Kanye West has now added the unexpected title of school founder to his resume, after having founded a private school called Donda Academy in Simi Valley, California that reportedly enrolls around 100 students. The school is named after his late mother Donda West, who died in 2007 and was also the namesake of two of his recent albums.

Its website boasts small class sizes and reportedly incorporates “Full School Worship” into its daily schedule, but not much information has come out about how the school operates. Students are required to sign NDA’s for enrollment, which costs about $15,000 a year. There is also an application on the school’s website for a place in West’s choir which performs at his Sunday Service concerts.

The school’s principal, Brianne Campbell, also has limited experience in education at best. She founded a music tutoring business called the Melody Makers Academy of Music, but its Facebook page indicated it didn’t have a classroom setting and brought tutors to clients’ homes instead.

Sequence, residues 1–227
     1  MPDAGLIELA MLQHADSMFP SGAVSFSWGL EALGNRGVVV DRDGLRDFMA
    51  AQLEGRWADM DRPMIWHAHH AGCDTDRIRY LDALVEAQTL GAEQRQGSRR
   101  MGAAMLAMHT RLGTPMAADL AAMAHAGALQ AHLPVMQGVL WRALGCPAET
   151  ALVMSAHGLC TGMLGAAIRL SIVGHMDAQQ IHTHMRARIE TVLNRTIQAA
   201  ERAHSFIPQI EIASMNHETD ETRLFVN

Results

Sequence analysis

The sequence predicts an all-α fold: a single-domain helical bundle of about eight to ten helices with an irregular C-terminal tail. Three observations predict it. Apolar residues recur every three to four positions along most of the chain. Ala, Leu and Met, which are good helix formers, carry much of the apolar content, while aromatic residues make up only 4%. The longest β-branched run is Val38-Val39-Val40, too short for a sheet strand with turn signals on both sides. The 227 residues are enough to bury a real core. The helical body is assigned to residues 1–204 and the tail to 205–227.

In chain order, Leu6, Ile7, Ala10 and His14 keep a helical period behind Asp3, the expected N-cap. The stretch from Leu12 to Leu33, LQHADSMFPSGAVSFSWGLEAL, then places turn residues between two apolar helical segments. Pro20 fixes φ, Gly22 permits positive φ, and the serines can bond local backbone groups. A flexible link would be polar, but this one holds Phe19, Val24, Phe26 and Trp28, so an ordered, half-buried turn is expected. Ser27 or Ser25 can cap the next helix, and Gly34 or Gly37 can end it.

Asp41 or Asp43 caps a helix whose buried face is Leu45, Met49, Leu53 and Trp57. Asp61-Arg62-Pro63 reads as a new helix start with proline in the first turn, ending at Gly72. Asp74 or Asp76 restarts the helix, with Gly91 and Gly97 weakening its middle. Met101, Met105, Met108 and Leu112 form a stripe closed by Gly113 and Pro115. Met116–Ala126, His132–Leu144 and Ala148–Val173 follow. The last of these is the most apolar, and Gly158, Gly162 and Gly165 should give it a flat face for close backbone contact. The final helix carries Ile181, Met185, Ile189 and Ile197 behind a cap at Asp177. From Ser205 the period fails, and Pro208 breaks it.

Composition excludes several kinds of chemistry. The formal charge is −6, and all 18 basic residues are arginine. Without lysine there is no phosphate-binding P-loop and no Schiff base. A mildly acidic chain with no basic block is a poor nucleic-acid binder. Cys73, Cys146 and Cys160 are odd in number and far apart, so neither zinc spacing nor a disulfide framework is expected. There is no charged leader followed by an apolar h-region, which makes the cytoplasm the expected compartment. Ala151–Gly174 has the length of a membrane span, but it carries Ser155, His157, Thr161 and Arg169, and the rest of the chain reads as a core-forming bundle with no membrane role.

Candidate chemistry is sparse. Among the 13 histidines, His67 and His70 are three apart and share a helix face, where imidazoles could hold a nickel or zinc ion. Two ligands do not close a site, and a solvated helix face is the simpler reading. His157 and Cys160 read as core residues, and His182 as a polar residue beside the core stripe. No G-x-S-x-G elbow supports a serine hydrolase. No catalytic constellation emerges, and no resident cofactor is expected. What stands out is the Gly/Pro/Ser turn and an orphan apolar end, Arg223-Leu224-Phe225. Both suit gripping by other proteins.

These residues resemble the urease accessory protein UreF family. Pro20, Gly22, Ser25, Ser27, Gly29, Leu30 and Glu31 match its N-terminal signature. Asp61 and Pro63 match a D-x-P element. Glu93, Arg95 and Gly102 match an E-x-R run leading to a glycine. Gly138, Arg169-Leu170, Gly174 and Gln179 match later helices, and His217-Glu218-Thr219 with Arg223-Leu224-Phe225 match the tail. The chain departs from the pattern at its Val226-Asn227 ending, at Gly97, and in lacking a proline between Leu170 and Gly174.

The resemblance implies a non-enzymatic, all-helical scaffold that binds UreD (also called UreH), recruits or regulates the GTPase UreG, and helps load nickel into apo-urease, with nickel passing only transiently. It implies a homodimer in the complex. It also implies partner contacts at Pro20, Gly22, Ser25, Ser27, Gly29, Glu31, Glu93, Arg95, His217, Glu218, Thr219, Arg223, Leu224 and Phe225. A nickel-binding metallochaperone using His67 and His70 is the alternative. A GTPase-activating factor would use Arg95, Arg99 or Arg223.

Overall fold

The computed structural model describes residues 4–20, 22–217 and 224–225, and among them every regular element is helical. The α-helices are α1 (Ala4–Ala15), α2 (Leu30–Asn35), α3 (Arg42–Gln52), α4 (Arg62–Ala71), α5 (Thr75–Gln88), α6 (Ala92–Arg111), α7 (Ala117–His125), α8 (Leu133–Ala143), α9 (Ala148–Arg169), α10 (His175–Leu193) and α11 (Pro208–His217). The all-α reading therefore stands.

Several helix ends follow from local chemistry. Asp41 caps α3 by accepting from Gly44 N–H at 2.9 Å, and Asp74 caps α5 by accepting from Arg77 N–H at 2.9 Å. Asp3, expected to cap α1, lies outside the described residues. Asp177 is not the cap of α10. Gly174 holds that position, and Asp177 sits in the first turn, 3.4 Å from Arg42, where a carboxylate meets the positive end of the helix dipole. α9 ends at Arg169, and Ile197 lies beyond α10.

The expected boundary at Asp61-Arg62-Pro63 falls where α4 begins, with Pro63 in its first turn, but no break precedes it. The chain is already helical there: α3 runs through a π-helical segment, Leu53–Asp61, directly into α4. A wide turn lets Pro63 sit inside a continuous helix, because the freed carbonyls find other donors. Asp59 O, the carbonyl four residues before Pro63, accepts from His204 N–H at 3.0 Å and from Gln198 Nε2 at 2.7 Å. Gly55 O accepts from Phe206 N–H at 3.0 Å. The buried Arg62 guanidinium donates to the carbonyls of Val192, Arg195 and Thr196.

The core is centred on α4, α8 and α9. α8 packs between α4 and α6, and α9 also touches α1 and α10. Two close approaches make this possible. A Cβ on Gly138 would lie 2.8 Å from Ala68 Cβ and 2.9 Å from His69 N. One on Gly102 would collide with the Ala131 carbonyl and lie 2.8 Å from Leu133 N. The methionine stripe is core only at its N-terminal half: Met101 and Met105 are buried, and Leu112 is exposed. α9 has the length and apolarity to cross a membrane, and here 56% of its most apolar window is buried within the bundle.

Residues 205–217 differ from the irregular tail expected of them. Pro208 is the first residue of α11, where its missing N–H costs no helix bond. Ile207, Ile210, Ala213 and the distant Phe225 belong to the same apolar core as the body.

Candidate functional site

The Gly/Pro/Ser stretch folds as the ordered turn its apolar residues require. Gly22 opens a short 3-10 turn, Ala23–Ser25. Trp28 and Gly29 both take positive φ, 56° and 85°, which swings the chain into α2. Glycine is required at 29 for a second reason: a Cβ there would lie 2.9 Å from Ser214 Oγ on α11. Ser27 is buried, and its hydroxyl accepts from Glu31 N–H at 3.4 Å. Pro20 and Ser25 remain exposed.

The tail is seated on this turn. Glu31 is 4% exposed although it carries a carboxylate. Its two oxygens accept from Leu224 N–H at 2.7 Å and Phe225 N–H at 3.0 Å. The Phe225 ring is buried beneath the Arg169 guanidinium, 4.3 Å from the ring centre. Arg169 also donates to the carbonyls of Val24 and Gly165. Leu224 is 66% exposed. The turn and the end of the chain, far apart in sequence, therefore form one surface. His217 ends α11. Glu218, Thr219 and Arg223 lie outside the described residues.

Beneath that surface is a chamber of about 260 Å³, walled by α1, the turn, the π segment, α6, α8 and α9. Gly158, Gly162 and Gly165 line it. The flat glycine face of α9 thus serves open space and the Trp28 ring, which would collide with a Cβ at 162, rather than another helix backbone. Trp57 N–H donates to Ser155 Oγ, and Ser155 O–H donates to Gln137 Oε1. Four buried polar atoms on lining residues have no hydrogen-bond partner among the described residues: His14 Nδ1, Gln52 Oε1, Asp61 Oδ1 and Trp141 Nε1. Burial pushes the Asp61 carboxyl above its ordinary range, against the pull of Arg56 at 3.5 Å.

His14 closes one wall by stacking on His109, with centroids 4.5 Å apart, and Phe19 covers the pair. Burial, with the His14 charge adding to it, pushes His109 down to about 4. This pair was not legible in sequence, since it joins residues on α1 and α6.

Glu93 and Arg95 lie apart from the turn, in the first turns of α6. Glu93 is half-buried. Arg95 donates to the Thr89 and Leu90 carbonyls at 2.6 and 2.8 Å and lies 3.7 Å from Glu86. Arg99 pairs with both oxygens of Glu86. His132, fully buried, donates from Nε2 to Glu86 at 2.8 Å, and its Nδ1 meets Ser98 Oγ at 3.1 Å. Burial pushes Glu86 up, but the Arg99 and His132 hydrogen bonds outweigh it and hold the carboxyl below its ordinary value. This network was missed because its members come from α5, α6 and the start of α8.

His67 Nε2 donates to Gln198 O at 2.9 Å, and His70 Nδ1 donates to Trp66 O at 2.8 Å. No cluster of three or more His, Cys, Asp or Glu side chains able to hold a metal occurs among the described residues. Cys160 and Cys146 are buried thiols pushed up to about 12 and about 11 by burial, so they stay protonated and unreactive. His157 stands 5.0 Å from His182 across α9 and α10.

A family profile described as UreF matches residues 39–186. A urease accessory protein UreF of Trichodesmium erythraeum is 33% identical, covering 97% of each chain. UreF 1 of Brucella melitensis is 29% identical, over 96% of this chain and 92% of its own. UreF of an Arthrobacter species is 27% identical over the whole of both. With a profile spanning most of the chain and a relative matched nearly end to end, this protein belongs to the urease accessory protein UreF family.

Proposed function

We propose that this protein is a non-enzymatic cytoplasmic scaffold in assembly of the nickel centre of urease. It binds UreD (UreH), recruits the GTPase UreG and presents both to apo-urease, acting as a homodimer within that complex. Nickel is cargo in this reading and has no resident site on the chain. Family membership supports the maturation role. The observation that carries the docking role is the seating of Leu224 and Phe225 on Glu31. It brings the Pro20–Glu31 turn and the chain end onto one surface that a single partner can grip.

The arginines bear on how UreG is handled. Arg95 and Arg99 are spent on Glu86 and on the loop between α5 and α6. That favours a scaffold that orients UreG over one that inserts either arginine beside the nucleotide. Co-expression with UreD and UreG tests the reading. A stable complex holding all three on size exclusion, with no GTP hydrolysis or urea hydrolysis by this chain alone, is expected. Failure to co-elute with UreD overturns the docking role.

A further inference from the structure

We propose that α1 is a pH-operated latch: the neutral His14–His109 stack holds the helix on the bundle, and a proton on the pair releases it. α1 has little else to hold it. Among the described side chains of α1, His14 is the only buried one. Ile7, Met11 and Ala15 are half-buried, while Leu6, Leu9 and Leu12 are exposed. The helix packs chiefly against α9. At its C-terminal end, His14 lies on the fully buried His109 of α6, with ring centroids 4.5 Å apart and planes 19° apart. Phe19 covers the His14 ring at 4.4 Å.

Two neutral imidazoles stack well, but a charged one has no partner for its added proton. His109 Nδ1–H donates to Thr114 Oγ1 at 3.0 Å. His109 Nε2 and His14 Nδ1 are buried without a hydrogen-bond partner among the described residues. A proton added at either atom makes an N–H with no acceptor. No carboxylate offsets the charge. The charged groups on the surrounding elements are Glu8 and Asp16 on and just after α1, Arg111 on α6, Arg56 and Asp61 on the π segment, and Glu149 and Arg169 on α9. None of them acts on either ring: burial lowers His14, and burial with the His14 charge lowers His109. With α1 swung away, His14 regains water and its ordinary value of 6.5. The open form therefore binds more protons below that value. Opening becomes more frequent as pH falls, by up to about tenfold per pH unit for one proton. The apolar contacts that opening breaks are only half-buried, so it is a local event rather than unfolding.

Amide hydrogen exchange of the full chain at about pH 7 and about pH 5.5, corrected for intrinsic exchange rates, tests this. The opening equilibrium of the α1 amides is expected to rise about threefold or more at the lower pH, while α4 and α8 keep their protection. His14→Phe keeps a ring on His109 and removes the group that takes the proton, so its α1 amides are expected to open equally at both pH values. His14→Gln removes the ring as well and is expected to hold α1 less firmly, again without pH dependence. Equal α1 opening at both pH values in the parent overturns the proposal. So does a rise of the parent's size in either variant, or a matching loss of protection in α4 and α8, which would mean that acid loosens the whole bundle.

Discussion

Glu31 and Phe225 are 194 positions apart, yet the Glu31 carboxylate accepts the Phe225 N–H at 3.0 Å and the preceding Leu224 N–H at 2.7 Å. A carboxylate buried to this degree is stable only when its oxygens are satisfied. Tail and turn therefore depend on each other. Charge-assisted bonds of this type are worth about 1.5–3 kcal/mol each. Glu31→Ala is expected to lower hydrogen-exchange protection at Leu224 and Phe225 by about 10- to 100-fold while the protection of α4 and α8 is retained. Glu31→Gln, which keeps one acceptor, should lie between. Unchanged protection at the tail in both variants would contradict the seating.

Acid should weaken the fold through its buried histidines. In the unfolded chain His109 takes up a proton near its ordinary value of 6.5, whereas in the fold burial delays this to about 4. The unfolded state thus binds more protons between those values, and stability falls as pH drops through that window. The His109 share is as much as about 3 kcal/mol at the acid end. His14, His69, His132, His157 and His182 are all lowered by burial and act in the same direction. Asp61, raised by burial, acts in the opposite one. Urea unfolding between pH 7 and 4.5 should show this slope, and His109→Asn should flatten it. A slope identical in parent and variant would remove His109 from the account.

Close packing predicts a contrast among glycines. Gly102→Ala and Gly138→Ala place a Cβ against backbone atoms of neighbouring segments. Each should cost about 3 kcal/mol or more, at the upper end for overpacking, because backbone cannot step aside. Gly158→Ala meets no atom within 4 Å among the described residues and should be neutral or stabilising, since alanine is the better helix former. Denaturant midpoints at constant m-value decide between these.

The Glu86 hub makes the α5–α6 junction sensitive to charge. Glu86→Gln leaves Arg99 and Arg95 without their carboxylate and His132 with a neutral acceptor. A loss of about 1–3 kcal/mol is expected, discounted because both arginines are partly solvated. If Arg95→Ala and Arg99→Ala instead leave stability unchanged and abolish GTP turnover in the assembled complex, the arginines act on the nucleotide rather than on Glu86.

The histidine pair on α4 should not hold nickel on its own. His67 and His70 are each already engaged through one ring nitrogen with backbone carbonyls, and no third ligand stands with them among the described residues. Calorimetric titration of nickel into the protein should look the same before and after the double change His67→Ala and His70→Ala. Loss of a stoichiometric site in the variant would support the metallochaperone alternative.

A Rolling Stone profile about the Academy also claimed that Campbell only recently began a Masters’s program in Education in January and will graduate next August.

They seem to be planning to have a full pre-k through 12th grade operation here, which is certainly a surprising challenge for West to take on. He is also doing a round of interviews where he has discussed the new venture a couple of times.

In a recent interview on the podcast Alo Mind Full, West claimed he had never read a book and said “reading is like brussels sprouts to me.” Obviously, he’s not going to be teaching English at his school or anything, but it’s still a weird thing for a school founder to say. He also said that celebrities somehow factored in the curriculum by saying “we’re also leaning into people in the industry.”

West also told Good Morning America that he wants to enroll his children with Kim Kardashian into the school “and I have to fight for a say-so.”

The school is still unaccredited and is set for an appointment to be evaluated by the Western Association of Schools and Colleges sometime next year in the spring.

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